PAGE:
Upon completion of six years as governor, he became president of the National Association of Broadcasters. He resigned this at the request of President Lyndon B. Johnson to become the first Director of the Community Relations Service under the 1964 Civil Rights Act. Also by Presidential appointment, he became Under Secretary of Commerce on July 7, 1965. He resigned this position effective October 1, 1966 to return to Florida to become a partner in a Tampa law firm.

In 1968, he was nominated by the Democratic Party for the United States Senate seat vacated by fellow Democrat George Smathers. However, he lost the general election to Republican U.S. Representative Edward Gurney.[12] Gurney partisans distributed a photograph of Collins walking alongside the Reverend Martin Luther King, Jr., during the 1963 march in Selma, Alabama. The photograph contained no caption or other explanation of why Collins was in Selma. Collins had not participated in the march but had shuttled back and forth between the marchers and the Alabama authorities to pursue a compromise to avoid violence. He conducted these negotiations as a part of his job as head of the Community Relations Service. He succeeded, as the marchers were allowed to cross the bridge, pray, and return to the other side.

A death penalty opponent, Collins participated in a protest against execution of John Spenkelink in 1979. This was the first post-Furman involuntary execution in the U.S. and the first in Florida since 1964. The protest was held outside the gubernatorial mansion he had once occupied. (Then-Governor Bob Graham let the execution proceed).[13]

After Collins' defeat in the Senate race, he left his law firm in Tampa and returned to "The Grove" in Tallahassee, where he lived until his death from cancer in 1991. He was called "the greatest Governor of Florida" by such politicians as Florida governors Reubin Askew, Bob Graham, and Jeb Bush, who was a child in Texas at the time of Collins' governorship.

Family[edit]

His son, LeRoy Collins, Jr., a retired United States Navy rear admiral, in 2006 unsuccessfully sought the Republican nomination for United States Senate from Florida, losing to Congresswoman Katherine Harris. She was defeated by Bill Nelson, the Democratic incumbent.

Legacy and honors[edit]

  • On March 19, 1991, a tribute was entered in the official record of the United States House of Representatives by Florida Representatives James Bacchus and Charles E. Bennett.
  • His papers are held by the University of South Florida.
  • Scheduled to be opened in 2014, the Governor LeRoy Collins Farm Park, situated on 84 acres of now undeveloped land in western Davie, Florida will be a state public park devoted to agricultural education and open space. It will provide opportunity for experiential learning about agriculture.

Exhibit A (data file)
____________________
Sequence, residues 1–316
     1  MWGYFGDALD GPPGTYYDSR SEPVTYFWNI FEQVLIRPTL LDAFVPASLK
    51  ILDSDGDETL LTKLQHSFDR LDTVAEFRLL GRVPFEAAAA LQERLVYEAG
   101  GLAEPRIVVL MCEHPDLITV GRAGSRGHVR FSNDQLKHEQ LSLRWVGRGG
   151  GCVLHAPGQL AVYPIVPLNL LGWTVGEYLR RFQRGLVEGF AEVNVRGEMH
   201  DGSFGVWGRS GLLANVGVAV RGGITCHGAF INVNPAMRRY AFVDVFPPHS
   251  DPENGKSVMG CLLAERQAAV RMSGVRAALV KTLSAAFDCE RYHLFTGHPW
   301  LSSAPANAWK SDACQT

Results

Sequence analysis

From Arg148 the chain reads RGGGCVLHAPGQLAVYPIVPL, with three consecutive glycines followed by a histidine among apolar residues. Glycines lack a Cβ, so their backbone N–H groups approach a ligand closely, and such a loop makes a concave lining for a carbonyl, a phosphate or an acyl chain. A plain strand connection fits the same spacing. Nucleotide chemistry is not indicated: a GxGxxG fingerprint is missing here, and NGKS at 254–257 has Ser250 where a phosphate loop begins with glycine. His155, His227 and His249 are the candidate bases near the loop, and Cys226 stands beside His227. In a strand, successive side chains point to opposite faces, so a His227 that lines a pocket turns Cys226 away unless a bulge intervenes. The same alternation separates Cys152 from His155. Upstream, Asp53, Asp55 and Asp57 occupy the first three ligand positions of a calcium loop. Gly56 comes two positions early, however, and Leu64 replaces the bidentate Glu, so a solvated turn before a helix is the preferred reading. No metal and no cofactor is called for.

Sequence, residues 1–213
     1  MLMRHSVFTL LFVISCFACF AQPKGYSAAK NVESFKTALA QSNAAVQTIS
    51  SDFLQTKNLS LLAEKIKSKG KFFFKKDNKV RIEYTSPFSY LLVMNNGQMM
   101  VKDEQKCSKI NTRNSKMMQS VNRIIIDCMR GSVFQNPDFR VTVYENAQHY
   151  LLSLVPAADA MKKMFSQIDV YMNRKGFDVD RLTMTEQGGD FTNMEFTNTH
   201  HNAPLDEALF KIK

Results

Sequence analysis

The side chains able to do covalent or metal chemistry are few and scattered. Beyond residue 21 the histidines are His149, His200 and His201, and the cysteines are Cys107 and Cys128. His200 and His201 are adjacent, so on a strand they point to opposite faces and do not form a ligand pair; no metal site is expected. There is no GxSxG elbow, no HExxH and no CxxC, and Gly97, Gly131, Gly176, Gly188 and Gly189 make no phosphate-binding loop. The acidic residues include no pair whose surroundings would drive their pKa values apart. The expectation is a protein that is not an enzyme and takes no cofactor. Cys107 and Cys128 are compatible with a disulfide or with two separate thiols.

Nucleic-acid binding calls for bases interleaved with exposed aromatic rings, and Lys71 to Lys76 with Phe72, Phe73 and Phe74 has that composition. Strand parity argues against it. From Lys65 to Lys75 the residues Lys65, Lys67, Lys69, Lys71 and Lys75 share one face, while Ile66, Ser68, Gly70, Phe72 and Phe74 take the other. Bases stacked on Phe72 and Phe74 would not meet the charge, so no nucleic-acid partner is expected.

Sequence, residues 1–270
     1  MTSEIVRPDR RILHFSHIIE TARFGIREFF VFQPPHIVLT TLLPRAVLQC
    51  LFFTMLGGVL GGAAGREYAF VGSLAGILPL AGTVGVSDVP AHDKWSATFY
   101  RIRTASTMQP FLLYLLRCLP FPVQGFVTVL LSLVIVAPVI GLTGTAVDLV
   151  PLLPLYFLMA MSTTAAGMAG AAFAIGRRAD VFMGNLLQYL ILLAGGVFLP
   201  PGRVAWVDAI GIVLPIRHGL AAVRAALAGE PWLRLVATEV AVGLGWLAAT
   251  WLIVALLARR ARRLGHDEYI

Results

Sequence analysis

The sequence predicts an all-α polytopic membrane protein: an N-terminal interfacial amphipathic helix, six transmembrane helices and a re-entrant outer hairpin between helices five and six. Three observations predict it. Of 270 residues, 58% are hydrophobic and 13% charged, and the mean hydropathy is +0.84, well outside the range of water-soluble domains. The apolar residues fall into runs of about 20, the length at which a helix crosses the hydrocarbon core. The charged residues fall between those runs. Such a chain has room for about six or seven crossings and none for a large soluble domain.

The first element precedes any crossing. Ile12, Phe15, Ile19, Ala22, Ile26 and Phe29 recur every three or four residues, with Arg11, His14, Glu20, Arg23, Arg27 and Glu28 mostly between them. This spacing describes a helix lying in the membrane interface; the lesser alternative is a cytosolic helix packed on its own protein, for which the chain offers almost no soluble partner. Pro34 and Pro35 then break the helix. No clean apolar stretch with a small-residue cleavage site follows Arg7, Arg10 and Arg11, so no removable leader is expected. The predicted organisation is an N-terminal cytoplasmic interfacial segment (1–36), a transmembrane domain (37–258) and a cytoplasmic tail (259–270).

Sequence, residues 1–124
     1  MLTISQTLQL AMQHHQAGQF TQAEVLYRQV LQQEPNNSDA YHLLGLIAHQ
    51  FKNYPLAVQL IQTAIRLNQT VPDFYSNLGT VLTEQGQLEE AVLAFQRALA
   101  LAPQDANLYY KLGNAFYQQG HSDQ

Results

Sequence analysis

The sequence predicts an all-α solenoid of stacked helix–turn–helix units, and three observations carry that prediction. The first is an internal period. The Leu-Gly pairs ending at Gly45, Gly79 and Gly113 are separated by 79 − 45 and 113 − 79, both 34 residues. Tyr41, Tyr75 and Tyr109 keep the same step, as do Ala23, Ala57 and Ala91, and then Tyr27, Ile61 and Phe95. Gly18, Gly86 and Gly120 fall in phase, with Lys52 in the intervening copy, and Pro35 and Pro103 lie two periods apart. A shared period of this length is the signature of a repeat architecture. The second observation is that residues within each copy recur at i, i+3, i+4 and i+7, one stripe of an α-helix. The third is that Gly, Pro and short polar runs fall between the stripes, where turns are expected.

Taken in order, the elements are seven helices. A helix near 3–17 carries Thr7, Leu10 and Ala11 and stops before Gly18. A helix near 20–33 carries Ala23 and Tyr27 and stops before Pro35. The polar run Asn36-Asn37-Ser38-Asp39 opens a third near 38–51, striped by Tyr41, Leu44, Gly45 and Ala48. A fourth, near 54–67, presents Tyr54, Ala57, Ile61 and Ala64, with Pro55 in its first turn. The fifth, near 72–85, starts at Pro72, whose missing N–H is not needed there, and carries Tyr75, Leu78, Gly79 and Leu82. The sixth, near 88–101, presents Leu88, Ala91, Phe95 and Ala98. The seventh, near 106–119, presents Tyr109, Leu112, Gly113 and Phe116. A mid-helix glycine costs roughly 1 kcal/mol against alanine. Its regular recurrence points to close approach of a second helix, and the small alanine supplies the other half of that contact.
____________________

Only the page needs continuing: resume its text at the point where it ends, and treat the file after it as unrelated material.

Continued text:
Book Authored[edit]

  • Forerunners Courageous: Stories of Frontier Florida Colcade, Tallahassee, FL, 1971

References[edit]

  1. ^ a b c LEON COUNTY PUBLIC LIBRARY - Governor Thomas LeRoy Collins
  2. ^ Museum - Office of Cultural & Historical Programs
  3. ^ Museum - Office of Cultural & Historical Programs
  4. ^ "The Florida Constitution of 1885", Retrieved 2011-06-24
  5. ^ death penalty news-FLORIDA (2), OHIO
  6. ^ Michael Mello, Deathwork: Defending the Condemned, University of Minnesota Press, 2002, ISBN 0-8166-4088-2, ISBN 978-0-8166-4088-1
  7. ^ a b Dyckman, Martin. "LeRoy Collins, Trent Lott: a study in contrasts". Retrieved 10 September 2013. 
  8. ^ Transcript of statewide TV-radio talk to the people of Florida on race relations by Governor LeRoy Collins. http://ufdc.ufl.edu/NF00000161/00001/2j
  9. ^ Our Campaigns - US Vice President - D Convention Race - Aug 13, 1956
  10. ^ THE DEMOCRATIC GOVERNORS In 1960 Their Big Year - TIME
  11. ^ Our Campaigns - FL US President - D Primary Race - May 24, 1960
  12. ^ Billy Hathorn, "Cramer v. Kirk: The Florida Republican Schism of 1970," The Florida Historical Quarterly, LXVII, No. 4 (April 1990), p. 410
  13. ^ http://books.google.pl/books?id=BPdnwxqBaU4C&printsec=frontcover&source=gbs_navlinks_s#v=onepage&q=&f=false

External links[edit]

Political offices
Preceded by
Charley Eugene Johns
Governor of Florida
January 4, 1955 - January 3, 1961
Succeeded by
C. Farris Bryant
Party political offices
Preceded by
Daniel T. McCarty
Democratic Party nominee for Governor of Florida
1954, 1956
Succeeded by
C. Farris Bryant
Preceded by
Sam Rayburn
Permanent Chairman of the Democratic National Convention
1960
Succeeded by
John W. McCormack
Preceded by
George Smathers
Democratic Party nominee for United States Senator from Florida
(Class 3)

1968
Succeeded by
Richard Stone